Since June 1, North American polypropylene makers have learned that what goes up must also come down, with prices tumbling an average of 15 cents per pound.
Regional makers of PET bottle resin have learned the same lesson since May 1, but on a lesser scale, with prices sliding by an average of 4 cents per pound combined in May and June.
The PP slide comes only a month after prices had jumped 10 cents per pound — the third double-digit one-month price hike to hit the market in 2011. Even with the June decline, average PP selling prices for the region are up an average of 22 cents per pound since Jan. 1.
And although the 15-cent reduction was welcome news to the region's PP buyers, the market's overall volatility has taken its toll in 2011.
“It's absolutely terrible,” a Midwest PP buyer said of the ups and downs. “It affects your buying and inventory and then it affects your customers' order patterns. [PP] suppliers want a three- to four-month forecast, but there's no way we can give it to them.”
“And even if the increases are staggered on both ends, it can take you a quarter to sort things out. I think some customers are shopping around for new [finished product] suppliers just so they can start fresh without all of this pricing history to work through.”
A second Midwestern PP buyer said that the flurry of increases — followed now by a sharp decrease — have left him feeling like his company is “always behind the eight ball.” He added that regional PP makers “really overdrove” price increases earlier in the year.
“The [June] decrease is welcome relief, but it's fair to say that [PP] demand is down in a lot of areas because of the high price,” the second PP buyer said. “It had always been going up [this year], and in this market people are watching every dollar they spend.”
North American PP sales totals for the first quarter of 2011 would seem to bear out this belief. Regional PP sales fell 4 percent during the quarter, with a 5 percent domestic drop softened by a surprising 18 percent rise in exports, according to the American Chemistry Council in Washington.
Several market watchers said they would not be surprised if another, smaller increase hit the region's PP resin prices in July.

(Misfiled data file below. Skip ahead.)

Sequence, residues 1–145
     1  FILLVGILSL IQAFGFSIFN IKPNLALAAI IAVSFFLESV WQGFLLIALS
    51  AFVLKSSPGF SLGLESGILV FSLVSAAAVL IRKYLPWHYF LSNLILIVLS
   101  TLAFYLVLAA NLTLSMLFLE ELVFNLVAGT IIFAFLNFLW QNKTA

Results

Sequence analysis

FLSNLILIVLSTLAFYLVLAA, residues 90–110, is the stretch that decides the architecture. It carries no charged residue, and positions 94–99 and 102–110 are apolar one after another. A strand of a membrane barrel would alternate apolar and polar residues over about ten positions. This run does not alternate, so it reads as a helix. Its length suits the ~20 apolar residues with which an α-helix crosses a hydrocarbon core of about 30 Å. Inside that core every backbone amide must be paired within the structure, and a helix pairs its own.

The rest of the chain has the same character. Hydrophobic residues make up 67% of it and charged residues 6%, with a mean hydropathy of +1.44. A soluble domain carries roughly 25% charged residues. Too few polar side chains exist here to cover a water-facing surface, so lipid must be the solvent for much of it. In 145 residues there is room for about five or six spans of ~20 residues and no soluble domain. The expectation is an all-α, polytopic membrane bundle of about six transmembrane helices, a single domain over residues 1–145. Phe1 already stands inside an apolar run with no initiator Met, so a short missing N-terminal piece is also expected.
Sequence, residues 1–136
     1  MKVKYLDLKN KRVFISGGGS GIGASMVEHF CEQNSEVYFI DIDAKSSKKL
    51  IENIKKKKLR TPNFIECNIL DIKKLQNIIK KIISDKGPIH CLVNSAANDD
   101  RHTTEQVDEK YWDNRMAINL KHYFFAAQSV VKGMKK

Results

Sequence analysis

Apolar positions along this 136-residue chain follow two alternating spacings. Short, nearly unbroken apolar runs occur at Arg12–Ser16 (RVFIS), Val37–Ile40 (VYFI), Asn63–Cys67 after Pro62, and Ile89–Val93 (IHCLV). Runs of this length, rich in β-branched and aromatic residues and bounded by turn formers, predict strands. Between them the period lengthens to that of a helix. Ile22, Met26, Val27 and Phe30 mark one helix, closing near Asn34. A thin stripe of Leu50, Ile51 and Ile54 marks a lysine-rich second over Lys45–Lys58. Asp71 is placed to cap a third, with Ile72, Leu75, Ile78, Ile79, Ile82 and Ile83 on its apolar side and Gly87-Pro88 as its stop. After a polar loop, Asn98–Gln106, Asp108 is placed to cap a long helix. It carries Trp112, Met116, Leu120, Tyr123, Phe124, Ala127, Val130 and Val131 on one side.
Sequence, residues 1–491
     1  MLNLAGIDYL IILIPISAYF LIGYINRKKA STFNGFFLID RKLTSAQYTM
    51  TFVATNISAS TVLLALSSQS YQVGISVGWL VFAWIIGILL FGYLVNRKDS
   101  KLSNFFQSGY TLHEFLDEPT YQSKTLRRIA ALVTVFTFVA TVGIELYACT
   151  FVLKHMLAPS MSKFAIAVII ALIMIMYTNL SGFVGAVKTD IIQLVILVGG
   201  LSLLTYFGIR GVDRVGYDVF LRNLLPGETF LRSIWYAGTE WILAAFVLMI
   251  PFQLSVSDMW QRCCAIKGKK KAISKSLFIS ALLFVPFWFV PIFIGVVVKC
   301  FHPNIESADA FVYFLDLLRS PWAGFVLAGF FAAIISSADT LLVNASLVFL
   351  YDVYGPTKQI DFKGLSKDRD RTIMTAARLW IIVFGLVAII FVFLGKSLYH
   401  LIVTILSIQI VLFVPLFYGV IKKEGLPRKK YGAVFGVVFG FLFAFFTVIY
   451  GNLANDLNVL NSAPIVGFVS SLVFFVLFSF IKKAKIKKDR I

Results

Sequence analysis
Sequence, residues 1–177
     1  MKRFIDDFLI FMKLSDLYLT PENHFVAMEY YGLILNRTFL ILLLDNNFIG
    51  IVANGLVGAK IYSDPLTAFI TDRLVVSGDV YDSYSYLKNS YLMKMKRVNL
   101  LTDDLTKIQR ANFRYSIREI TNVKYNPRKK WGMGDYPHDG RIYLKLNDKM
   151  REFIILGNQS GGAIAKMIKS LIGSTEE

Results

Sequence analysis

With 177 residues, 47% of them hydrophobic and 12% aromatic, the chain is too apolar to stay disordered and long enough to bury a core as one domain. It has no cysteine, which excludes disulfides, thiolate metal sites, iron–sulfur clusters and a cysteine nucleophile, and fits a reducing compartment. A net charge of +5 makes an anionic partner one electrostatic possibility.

In PET, the 4-cent, two-month drop comes after prices had shot up an average of 13 cents per pound in February and March combined.
The drop is a bit surprising, according to market analyst John Maddox, because although prices for raw materials such as paraxylene have come down, purified terephthalic acid feedstock has been in tight supply, causing some large bottlers to have less PET resin than they need.
“The real issue here is what's happening to the market price,” said Maddox, who's with SBA-CCI Inc. in Jacksonville, Fla. “There's no motive for any resin maker to meet any competitive situation, since some of them can't get enough PTA to run their plants.”
Moving ahead, the North American PET market will be affected by DAK Americas LLC's recent purchase of the PET resin business of Wellman Inc. That $185 million deal consists mostly of a 950 million-pound-capacity PET plant in Bay St. Louis, Miss.
More important to PET resin buyers, the deal gives Charlotte, N.C.-based DAK a market share of about 40 percent of the region's capacity, and concentrates about 90 percent of capacity in the hands of only three players — DAK, Indorama Public Ventures Co. Ltd. and M&G Group.
Maddox said it will be interesting to see what steps DAK will take to supply the Wellman plant with the PTA that it needs to be a successful PET site.
“Anyone who wants to be in the PET business long term knows that the real key to profitability is gaining value in manufacturing PTA,” he said.